How the listed infrastructure sector is faring

Financial journalist and commentator on 3AW and Sky Business
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As interest rates come down, the search for yield intensifies, and one of the sectors most interesting to income-oriented investors is infrastructure. The listed infrastructure sector can be a source of relatively strong and stable income flows, with generally predictable long-term cash flows and earnings.

In theory, infrastructure assets generate a long-term cash flow with a high yield and little volatility. Prior to the GFC the listed infrastructure sector was considered one of the best defensive sectors, but the sector has had to re-earn its stripes.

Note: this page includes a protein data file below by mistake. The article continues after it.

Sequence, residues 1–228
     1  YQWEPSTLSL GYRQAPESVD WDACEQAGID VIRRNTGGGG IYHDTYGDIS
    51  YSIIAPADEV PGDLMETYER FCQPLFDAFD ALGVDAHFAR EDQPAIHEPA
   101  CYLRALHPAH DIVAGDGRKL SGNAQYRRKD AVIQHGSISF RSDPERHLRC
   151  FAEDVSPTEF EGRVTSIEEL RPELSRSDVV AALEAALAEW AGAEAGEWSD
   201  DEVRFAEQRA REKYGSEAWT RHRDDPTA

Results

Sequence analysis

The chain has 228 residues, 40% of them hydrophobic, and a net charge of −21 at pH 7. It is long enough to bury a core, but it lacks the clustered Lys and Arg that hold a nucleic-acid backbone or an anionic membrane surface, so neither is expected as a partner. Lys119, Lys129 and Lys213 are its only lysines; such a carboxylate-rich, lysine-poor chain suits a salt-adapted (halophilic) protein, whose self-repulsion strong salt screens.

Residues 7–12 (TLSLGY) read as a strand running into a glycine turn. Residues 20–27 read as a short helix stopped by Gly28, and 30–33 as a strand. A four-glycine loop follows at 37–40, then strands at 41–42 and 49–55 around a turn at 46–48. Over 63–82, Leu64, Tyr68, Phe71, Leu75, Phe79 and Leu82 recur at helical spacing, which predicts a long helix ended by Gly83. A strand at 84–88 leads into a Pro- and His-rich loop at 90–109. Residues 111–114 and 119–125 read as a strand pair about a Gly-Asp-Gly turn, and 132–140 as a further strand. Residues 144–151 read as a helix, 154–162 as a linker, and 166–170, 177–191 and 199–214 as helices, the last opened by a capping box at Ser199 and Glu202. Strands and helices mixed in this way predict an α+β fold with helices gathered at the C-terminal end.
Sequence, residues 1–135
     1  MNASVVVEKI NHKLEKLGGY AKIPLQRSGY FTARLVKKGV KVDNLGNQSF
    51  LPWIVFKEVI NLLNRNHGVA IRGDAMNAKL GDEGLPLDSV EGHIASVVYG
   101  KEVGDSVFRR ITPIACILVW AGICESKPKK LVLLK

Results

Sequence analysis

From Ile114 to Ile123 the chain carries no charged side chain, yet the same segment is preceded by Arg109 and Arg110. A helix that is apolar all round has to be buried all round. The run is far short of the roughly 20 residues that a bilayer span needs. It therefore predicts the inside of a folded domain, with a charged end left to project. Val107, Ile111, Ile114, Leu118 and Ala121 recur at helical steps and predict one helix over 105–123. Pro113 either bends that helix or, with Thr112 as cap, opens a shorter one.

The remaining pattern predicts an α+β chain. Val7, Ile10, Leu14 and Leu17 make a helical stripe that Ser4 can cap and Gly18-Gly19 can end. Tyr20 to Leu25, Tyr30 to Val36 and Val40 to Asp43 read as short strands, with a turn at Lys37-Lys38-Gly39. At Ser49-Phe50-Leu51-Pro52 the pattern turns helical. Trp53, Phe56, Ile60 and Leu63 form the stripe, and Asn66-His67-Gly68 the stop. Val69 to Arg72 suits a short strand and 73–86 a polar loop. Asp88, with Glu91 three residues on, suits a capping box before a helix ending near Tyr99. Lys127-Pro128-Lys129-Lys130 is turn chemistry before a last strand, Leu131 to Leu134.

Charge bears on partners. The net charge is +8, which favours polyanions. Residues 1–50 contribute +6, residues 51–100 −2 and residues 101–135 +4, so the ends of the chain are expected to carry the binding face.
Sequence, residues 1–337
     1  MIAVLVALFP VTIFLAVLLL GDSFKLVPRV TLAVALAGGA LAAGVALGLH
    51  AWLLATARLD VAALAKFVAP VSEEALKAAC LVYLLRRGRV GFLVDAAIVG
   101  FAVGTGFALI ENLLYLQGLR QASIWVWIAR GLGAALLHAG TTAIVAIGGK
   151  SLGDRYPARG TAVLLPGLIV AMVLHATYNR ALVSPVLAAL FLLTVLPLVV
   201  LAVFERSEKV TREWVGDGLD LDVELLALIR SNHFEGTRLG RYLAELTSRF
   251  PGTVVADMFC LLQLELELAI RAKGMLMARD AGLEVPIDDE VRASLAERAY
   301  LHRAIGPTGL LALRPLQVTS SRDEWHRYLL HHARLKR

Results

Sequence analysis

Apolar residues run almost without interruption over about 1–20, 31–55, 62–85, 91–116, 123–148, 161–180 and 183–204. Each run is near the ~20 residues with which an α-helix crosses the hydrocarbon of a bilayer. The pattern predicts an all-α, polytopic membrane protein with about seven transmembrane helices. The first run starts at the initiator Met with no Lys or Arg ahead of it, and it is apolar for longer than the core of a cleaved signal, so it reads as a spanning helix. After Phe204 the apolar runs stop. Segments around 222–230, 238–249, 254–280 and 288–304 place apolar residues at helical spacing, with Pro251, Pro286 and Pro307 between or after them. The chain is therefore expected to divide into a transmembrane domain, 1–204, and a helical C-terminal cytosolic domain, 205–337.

The credit crunch took an especially hard toll on listed infrastructure, as entities perceived to have high debt levels were hammered. For example, ports, road, rail and airports operator Asciano (AIO) fell 96% from peak to trough. The carnage was indiscriminate: Hastings Diversified Utilities Fund, now a part of pipeline operator APA Group (APA), lost 93%, even though it was regarded as one of the higher-quality members of the infrastructure sector, with assets including gas pipelines in Australia and water utilities in the UK, and a relatively high dividend yield funded from cash flow.

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